FDA Okays Current Label to Manage Eye, Skin Problems With Potiga

Susan Jeffrey

June 16, 2015

The US Food and Drug Administration (FDA) announced today that on the basis of review of additional safety reports from patients taking the antiseizure drug ezogabine (Potiga, GlaxoSmithKline), it has determined that the potential risks for vision loss due to pigment changes in the retina, and for skin discoloration, can be adequately managed by following the current recommendations on the drug's labeling.

The new announcement updates the label changes describing these possible adverse events issued in October 2013.

"FDA review of additional safety reports does not indicate that the pigment changes in the retina observed in some patients affect vision," the FDA statement notes. "Skin discoloration associated with the use of Potiga appears to be a cosmetic effect and does not appear to be associated with more serious adverse effects.

"Therefore, a modification of the Risk Evaluation and Mitigation Strategy (REMS) is not needed at this time to ensure that the benefits of Potiga outweigh the risks of retinal and skin pigment changes," the statement said.

However, the agency has required GlaxoSmithKline to conduct a long-term observational study to further investigate any potential long-term consequences of these pigment changes.

"FDA expects that the required long-term observational study will provide further information on whether pigment changes in the retina caused by Potiga can lead to vision loss or other long-term side effects," the statement adds. "In addition, the study should provide more information on the relationship between pigment changes in the retina and skin discoloration."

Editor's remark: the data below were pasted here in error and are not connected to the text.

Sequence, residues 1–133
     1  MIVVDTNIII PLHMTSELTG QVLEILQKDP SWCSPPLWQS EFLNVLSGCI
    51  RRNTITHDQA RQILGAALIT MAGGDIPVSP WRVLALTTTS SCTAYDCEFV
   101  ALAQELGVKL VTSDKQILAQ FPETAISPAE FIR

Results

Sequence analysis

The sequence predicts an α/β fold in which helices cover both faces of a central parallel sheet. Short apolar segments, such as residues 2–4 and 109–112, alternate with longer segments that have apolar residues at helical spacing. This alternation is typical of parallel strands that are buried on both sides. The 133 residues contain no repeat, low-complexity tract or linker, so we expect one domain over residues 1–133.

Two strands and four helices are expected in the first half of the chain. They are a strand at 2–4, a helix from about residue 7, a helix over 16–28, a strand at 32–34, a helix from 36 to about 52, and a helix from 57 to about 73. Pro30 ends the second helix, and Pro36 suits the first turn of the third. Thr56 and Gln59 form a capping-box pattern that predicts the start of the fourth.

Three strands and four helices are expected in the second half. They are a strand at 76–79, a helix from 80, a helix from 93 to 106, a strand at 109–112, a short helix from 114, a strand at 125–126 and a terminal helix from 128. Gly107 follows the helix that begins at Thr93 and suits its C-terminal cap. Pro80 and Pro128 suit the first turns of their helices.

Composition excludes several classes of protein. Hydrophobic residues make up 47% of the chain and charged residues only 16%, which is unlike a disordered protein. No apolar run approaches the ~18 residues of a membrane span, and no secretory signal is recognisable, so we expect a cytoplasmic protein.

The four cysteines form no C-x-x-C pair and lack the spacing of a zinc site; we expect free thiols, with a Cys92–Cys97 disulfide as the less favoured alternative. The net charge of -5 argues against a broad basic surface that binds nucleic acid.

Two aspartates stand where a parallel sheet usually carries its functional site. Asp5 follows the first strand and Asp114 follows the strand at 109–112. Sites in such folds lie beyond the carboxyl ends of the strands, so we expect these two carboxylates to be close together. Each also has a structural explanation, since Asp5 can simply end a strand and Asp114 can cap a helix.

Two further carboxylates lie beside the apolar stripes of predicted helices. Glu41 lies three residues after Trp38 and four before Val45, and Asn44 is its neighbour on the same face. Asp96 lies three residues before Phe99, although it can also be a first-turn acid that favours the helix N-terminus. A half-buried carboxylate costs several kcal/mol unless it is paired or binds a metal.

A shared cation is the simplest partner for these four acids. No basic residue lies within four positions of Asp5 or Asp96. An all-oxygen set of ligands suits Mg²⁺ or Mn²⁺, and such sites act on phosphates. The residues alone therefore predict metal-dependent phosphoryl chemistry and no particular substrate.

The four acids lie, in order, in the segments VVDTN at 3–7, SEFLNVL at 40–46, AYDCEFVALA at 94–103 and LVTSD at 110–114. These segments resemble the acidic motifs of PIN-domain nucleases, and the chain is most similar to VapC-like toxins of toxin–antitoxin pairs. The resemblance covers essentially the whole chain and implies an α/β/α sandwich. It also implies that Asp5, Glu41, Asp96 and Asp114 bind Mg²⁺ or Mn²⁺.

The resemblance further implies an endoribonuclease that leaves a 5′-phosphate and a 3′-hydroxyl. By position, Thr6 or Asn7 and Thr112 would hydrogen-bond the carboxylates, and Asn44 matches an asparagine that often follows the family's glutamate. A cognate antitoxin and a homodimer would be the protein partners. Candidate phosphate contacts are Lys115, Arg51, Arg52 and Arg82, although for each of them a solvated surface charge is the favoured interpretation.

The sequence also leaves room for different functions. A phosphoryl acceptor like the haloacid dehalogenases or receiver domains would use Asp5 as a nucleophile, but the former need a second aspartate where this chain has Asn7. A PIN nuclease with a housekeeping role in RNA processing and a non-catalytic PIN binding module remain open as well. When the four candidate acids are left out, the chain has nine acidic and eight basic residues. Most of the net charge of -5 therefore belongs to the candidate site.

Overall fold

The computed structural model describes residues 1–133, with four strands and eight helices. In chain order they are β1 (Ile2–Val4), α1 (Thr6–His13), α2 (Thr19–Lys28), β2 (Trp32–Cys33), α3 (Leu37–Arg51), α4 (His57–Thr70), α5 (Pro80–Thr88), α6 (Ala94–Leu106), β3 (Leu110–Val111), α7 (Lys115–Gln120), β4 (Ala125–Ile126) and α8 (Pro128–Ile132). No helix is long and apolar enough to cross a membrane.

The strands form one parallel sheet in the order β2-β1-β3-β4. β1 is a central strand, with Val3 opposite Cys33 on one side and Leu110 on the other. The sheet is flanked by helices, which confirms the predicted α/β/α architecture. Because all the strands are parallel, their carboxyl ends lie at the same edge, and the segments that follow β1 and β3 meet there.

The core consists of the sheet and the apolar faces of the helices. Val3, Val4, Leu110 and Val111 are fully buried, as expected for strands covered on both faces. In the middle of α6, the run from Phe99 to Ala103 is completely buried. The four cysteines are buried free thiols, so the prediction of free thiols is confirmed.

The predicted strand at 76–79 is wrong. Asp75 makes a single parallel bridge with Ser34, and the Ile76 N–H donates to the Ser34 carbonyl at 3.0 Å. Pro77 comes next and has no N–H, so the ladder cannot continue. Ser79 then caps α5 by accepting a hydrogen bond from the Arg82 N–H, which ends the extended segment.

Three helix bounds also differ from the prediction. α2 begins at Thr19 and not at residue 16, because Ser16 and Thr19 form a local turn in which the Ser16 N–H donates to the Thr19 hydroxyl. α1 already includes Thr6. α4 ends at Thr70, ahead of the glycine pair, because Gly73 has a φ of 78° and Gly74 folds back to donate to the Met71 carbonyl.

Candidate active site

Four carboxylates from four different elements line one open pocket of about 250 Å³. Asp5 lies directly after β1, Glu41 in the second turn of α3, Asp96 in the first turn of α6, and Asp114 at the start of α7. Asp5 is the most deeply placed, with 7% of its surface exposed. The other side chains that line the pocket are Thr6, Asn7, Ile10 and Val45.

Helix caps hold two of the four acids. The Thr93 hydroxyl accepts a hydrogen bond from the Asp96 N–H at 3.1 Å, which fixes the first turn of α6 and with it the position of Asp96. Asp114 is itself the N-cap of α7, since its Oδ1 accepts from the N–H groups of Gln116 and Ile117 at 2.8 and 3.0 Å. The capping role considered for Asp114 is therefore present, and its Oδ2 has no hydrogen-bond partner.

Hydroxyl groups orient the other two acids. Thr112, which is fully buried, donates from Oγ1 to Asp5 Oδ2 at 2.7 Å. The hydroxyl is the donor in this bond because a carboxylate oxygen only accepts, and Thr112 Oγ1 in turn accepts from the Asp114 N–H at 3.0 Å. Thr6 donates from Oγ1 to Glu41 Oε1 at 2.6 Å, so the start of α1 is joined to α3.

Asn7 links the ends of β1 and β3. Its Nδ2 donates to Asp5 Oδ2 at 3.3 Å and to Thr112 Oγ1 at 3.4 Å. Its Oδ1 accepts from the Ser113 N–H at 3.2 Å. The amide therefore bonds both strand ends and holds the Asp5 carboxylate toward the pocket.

Ezogabine was approved in 2011 for use in combination with other antiseizure drugs to treat partial-onset seizures in adult patients who have had an inadequate response to several alternative therapies and for whom the benefits of treatment outweigh the risks.

"Health care professionals should continue to follow the recommendations provided in the Boxed Warning, FDA's most serious type of warning, and the Warnings and Precautions and Indications and Usage sections of the labeling," the statement concludes. Providers are encouraged to report adverse events or side effects related to the use of these products to the FDA's MedWatch Safety Information and Adverse Event Reporting Program.

The MedWatch safety alert, including a link to the FDA Drug Safety Communication, can be found here.


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